PORT ST. LUCIE, Fla. — The oppressive temperatures had crews across South Florida and the Treasure Coast on high alert for heat-related calls amid an excessive heat warning Tuesday.
According to data from the National Conference of Citizenship, heat-related deaths in Florida have increased by 88% in the last three years.
"It's hot. It takes nothing to increase that body temperature," St. Lucie County Batallion Chief Dan Mikels said.
Mikels took WPTV along with him as he rode around St. Lucie County while responding to calls.
So far this year, Martin and Indian River counties saw very slight upticks in heat-related calls, but Mikels said there are many more cases than the data reflected. Often times, he said heat-related calls are labeled something else.
"That person they call for a fall or a trauma injury, we don't know the initial reason why they fell, did they get weak? Did they get dizzy?" Mikels said.
Mikels added the cases they respond to range from kids or dogs in cars to heat stroke, heat exhaustion and dehydration.
Some of those he said who are most at risk are athletes, landscapers, construction workers and even fire crews themselves.
Mikels said the protective gear they wear adds 30 pounds and 30 degrees to the environment they're already working in.
"We'll rotate crews out, provide an ambulance there for rehab, so basically they'll sit in the back of the truck and have the AC blow down on them," Mikels said.
Heat exhaustion vs. heat stroke: Know the signs and how to treat them
Courtney and William Shogrun of Sebastian know how serious the heat can be. On Aug. 13, 2014, their 15-year-old son, William Jr., collapsed from a heat stroke at a football camp.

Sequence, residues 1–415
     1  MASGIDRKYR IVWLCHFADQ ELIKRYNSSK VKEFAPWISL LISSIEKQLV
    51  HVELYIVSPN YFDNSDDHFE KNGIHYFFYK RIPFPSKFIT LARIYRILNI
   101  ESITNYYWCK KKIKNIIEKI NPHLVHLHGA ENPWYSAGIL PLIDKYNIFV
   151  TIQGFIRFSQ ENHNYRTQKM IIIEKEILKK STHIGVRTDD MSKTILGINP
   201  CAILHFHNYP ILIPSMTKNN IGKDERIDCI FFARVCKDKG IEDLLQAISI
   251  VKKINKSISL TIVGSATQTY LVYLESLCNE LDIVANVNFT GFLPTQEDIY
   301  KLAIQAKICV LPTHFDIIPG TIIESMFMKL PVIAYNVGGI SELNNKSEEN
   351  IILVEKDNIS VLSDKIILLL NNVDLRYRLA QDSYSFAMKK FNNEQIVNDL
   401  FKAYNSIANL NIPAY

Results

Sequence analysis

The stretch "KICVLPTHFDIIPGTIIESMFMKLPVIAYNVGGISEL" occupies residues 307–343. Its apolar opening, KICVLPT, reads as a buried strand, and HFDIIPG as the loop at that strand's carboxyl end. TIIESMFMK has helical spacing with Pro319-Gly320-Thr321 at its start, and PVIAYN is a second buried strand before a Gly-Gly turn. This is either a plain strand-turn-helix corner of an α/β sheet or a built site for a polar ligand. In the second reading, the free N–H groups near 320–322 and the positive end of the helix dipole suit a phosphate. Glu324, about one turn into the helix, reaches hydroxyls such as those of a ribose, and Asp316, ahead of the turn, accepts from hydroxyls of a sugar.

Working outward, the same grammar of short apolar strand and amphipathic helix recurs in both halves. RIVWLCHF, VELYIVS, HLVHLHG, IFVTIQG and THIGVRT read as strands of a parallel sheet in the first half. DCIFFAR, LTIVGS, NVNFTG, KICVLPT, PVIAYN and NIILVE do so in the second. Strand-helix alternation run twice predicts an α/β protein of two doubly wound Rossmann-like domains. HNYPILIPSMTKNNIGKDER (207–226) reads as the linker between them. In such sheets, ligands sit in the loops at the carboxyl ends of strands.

"That's when they called me and told me he passed away," William Shogrun said.
"We found out from the autopsy report that, after the paramedics worked on him for about an hour-ish, his core temperature was 107," Courtney Shogrun added. "Heat stroke, which should never have happened."
The Shogruns told WPTV that many things could have saved William's life. For one, they said the autopsy report showed paramedics didn't arrive in time to save him, and had there been an ice bath at the football field, the report said he could have survived, yet the Shogruns said none of that happened.
Now, the couple advocates for better athletic conditions, and educates on the dangers of heat, and the importance of following the Florida High School Athletic Association's guidelines, which they say weren't followed at the time of their son's death.
"Next Sunday’s going to be nine years, so when people ask me if it gets any easier, I try to explain to them, 'Imagine not seeing your child for nine years,'" William Shogrun Sr. said "How could that ever get any easier? So, we just don't want that to happen to any other parent"
Amid the heat, crews are urging people to hydrate and to watch for signs of heat stroke and heat exhaustion in others. It could save someone's life.
Click here to learn more about the warning signs of heat-related illness.